Any final words to the greater community about the importance of this?

Lorene: The historic sites project is just one piece of the work that is happening, and more needs to be done. We must organize, and make sure our stories are embedded in the history of Canada, and that our stories are shared and learned in our education system. Our history is not limited to historical injustice, but it’s crucial people know about and understand the uprooting, dispossession, and incarceration of Japanese Canadians was wrong, otherwise we keep repeating the errors of the past.

Sherri: A mere 75 years ago there was an attempt to erase the existence of Canadians of Japanese ancestry on the westcoast of this country through a perfect storm of fear, racism, and war. Given that today the world faces those very same vices aimed at different faces in different places, the JC historical experience is even more relevant than ever before. Our community not only survived but has thrived.

The Heritage BC sites can be seen here.


© 2017 Norm Ibuki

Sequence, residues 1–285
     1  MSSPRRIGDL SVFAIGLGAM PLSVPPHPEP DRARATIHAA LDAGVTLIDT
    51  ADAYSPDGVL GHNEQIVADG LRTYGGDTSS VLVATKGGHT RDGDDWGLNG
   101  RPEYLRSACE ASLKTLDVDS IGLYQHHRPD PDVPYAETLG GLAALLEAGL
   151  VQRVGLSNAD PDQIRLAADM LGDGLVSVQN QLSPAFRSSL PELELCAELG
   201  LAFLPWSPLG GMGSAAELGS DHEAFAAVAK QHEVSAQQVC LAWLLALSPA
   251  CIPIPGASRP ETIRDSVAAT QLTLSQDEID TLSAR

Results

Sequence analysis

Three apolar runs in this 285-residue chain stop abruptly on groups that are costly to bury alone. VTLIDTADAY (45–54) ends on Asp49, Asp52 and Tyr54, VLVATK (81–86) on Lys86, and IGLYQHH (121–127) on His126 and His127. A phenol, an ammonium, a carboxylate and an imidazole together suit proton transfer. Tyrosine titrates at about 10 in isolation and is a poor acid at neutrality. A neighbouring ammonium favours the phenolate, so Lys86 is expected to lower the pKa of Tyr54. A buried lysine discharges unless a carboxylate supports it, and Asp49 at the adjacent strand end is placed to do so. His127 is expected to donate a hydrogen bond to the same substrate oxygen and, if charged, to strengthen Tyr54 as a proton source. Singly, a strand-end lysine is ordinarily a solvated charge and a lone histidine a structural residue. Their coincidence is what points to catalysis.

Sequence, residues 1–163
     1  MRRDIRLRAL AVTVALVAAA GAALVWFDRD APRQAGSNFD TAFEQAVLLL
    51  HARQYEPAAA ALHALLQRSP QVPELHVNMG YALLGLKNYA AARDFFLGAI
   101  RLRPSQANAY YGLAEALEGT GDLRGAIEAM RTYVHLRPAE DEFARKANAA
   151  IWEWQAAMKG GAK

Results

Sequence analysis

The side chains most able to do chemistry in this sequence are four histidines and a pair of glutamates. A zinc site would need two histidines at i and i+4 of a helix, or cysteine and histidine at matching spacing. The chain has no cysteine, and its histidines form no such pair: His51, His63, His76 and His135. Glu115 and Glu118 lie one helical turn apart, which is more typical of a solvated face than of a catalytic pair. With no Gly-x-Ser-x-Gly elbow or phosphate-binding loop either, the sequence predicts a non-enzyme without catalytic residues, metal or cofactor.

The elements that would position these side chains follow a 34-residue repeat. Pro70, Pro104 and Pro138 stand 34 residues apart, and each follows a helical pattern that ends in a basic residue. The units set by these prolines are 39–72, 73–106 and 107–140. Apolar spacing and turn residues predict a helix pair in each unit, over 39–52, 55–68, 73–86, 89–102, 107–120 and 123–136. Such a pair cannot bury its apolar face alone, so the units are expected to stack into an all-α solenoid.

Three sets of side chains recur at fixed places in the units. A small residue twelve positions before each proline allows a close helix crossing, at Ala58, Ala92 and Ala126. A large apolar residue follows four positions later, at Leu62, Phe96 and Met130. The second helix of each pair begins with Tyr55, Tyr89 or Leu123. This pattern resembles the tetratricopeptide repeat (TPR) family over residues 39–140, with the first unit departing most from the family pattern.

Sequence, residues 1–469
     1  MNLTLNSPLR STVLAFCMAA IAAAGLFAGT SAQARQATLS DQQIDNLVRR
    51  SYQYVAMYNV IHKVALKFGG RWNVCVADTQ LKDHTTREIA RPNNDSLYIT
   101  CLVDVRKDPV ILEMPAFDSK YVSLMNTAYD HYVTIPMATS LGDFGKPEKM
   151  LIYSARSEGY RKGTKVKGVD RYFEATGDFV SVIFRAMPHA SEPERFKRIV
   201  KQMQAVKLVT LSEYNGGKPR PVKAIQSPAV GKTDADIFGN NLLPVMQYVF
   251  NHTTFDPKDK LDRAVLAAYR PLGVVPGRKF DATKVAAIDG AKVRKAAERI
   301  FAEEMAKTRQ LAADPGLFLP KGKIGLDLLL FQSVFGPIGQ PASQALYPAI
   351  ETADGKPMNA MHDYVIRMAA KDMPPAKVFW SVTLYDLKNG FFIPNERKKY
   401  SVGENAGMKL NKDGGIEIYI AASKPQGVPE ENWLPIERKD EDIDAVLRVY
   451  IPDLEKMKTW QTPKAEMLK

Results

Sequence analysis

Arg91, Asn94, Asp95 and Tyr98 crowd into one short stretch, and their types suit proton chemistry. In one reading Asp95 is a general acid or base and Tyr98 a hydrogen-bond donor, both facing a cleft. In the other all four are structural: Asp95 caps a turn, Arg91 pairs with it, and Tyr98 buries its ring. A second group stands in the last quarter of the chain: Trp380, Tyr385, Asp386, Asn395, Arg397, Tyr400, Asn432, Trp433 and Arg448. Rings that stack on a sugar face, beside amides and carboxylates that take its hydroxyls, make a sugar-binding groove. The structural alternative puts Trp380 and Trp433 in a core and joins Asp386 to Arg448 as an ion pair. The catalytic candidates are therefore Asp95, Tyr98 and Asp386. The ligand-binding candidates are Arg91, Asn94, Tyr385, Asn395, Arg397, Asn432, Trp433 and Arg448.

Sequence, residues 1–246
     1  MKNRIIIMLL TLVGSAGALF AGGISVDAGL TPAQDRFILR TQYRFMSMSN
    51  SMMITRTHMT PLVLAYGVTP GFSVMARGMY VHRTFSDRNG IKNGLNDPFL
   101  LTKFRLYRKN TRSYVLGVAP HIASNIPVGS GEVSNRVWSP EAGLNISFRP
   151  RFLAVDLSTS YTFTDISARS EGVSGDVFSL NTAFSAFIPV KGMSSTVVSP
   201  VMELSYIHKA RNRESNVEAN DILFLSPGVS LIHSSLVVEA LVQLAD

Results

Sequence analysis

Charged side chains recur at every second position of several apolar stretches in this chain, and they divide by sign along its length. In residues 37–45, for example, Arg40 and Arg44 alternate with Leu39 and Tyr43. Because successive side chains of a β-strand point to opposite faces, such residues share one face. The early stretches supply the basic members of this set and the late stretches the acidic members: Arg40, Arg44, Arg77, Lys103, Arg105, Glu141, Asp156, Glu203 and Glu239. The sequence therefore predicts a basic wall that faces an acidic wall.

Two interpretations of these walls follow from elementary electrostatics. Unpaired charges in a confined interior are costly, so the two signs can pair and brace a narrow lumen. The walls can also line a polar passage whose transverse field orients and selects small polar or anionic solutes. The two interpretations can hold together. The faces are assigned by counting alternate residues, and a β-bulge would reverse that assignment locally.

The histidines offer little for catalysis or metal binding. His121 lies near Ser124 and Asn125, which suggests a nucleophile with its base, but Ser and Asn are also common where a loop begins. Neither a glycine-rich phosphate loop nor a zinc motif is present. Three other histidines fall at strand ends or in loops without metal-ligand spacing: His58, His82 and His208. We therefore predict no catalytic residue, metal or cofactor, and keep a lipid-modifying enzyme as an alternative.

BC british columbia Canada community GVJCCA historical sites Japanese Canadian muslims NNM racism World War II

About this series

The inspiration for this new Canadian Nikkei interview series is the observance that the gulf between the pre-WW2 Japanese Canadian community and the Shin Ijusha one (post-WW2) has grown tremendously. 

Being “Nikkei” no longer means that one is only of Japanese descent anymore. It is far more likely that Nikkei today are of mixed cultural heritage with names like O’Mara or Hope, can’t speak Japanese and have varying degrees of knowledge about Japan.

It is therefore the aim of this series to pose ideas, challenge some and to engage with other like-minded Discover Nikkei followers in a meaningful discussion that will help us to better understand ourselves.

Canadian Nikkei will introduce you to many Nikkei who I have had the good fortune to come into contact with over the past 20 years here and in Japan. 

Having a common identity is what united the Issei, the first Japanese to arrive in Canada, more than 100 years ago. Even in 2014, it is the remnants of that noble community that is what still binds our community today.

Ultimately, it is the goal of this series to begin a larger online conversation that will help to inform the larger global community about who we are in 2014 and where we might be heading to in the future.